You may not have noticed, but your net worth and income have been seriously squished over the past three years. From January 2002 to January 2005, the S&P 500 rose 4%, excluding dividends, but if you were in the S&P, you actually lost about 25%. The problem isn't your investment prowess. It's your currency.

The U.S. dollar has fallen about 30% against many major world currencies. Against the euro, it's down 33%. Against the yen, it's down 23%. Against the Swiss franc and Canadian dollar? Down 30% and 25%, respectively. So if your salary was unchanged over the past few years, you've actually taken a 30% pay cut on a worldwide scale. Ouch!

What's more, there are some really smart people who think that the dollar will continue to fall over the next few years. Warren Buffett's company, Berkshire Hathaway (NYSE:BRKa), has bet billions that the U.S. dollar will continue falling. Buffett tends to be right about such things.

Why the fall? In five years, America has gone from having a budget surplus to a budget deficit. Government debt and consumer debt are growing. The trade deficit is expanding -- the U.S. is buying more from other nations than other nations are buying from us. And interest rates are still low: People holding American dollars don't get a huge return each year, so they are more likely to sell them. All of these factors tend to push down the currency, and there's a decent chance that the fall will continue.

What to do
I suggest closing your eyes and going in your mind to your happy place, where nothing bad ever happens.

After you've done that, you might want to get greedy. After all, when markets move, there are ways investors can profit. In this case, you don't need to do anything complicated. Instead, you can just look for foreign stocks and companies that have revenue denominated in foreign currencies.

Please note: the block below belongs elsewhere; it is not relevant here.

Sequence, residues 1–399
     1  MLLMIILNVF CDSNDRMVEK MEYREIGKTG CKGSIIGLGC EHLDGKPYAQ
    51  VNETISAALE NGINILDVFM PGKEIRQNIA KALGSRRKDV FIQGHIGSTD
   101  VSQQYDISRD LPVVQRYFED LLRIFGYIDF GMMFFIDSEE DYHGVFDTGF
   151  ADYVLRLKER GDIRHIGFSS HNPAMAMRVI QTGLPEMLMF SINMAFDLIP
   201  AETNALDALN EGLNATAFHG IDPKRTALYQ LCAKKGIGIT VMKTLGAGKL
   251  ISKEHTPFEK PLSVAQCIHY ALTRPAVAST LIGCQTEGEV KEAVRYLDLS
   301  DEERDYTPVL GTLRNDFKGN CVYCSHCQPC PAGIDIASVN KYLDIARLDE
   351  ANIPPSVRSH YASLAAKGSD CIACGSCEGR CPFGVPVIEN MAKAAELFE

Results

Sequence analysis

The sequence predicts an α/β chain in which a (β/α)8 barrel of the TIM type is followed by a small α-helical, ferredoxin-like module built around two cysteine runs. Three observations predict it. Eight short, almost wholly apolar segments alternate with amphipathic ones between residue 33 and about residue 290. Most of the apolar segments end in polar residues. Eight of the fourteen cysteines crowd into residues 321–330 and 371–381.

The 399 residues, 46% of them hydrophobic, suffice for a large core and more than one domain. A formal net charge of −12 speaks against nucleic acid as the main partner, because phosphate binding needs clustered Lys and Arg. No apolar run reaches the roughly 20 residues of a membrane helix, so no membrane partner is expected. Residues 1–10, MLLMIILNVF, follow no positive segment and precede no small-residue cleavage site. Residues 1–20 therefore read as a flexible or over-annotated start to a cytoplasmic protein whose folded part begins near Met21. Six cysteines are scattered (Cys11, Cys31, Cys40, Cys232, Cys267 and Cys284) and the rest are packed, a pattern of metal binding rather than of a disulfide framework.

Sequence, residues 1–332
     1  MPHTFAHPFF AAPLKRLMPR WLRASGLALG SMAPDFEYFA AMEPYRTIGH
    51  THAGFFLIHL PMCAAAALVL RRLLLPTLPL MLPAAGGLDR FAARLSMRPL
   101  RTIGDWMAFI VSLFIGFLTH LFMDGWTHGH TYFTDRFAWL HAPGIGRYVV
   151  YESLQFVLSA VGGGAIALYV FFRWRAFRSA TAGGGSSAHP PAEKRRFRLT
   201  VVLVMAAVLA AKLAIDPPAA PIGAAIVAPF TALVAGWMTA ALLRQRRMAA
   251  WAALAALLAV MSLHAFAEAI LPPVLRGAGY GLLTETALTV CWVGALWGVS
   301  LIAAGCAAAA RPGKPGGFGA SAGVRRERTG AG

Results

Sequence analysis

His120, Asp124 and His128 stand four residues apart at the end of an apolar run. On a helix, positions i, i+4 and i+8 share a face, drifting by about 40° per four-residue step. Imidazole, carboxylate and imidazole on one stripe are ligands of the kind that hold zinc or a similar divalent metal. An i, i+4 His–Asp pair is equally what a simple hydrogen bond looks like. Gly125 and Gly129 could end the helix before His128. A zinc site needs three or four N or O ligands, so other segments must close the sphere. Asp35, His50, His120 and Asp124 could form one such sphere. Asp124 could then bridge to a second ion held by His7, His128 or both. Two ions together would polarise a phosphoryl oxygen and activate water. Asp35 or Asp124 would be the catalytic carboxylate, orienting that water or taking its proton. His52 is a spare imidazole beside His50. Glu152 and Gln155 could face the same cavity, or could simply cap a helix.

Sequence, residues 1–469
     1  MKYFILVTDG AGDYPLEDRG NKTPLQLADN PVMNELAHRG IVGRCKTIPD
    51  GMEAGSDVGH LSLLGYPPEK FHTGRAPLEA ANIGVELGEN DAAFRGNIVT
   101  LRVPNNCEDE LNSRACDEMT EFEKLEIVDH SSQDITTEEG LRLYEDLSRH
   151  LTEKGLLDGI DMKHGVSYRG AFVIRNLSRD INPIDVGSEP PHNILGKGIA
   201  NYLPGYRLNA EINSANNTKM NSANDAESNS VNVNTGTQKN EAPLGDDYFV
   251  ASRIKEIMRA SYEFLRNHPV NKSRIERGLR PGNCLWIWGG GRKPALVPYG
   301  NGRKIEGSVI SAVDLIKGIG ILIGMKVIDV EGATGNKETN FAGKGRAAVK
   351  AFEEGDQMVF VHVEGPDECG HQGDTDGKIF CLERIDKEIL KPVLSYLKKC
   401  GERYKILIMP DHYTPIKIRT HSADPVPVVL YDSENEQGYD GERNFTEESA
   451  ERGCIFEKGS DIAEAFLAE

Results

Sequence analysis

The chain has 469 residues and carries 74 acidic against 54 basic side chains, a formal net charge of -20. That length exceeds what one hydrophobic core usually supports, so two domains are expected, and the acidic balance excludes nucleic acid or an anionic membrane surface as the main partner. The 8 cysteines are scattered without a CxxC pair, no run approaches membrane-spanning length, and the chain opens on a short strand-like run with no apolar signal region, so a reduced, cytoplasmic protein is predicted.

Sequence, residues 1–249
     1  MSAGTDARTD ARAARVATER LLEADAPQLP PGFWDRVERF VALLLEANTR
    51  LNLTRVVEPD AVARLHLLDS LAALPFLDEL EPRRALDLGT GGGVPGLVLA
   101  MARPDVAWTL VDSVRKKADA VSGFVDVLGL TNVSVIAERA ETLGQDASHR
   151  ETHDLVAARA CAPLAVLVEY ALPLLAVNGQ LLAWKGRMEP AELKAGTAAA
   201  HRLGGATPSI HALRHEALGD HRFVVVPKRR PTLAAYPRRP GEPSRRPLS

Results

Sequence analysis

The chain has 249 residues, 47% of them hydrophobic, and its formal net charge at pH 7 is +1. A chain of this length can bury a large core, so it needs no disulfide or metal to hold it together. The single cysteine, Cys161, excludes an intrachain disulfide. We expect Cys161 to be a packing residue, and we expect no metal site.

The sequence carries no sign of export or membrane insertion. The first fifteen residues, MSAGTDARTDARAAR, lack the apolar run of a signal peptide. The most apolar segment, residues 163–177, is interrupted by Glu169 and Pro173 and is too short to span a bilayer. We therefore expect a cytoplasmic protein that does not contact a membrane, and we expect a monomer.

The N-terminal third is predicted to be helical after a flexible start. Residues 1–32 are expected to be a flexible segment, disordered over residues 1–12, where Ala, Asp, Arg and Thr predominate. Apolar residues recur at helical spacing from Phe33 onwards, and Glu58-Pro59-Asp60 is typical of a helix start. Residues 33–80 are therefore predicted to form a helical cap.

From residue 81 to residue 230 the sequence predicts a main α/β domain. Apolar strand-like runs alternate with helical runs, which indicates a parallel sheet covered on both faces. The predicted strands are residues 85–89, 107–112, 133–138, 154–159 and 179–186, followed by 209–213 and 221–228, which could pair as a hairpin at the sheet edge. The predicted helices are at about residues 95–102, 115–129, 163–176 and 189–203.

One simple way to do this is through exchange-traded funds (ETFs) that buy the stocks in a foreign index. This has the advantage of low fees, diversification, and relatively low volatility.

If you're interested in individual stocks, you can own foreign companies that have American Depositary Receipts (ADRs) that trade on U.S. exchanges just like normal stocks. ADRs are great because they give you exposure to overseas companies with assets and revenues denominated in foreign currencies. In U.S. dollar terms, these assets and revenues will increase in value as the dollar falls.

A third option is investing in U.S.-based multinationals with significant foreign revenues. If McDonald's (NYSE:MCD) sold a Big Mac for two euros three years ago, then it was, at that point, selling for about $1.80. But today, that two-euro burger is going for about $2.70 -- even though, after three years, it's probably cold.

This sort of currency effect can lead to good returns. But as a member of the Inside Value team, I don't want to just profit from the currency, I also want to own companies whose shares are likely to significantly outperform. After all, if you can get both the fundamentals of the company and the fundamentals of the currency working for you, the returns can be impressive. Last year, one of my best-performing positions was an index fund, the iSharesMSCI Austria Index (AMEX:EWO), which had a sweet 72% return over the course of the year.

Three picks
This all raises the question of which foreign stocks look cheap now. I find the following stocks interesting.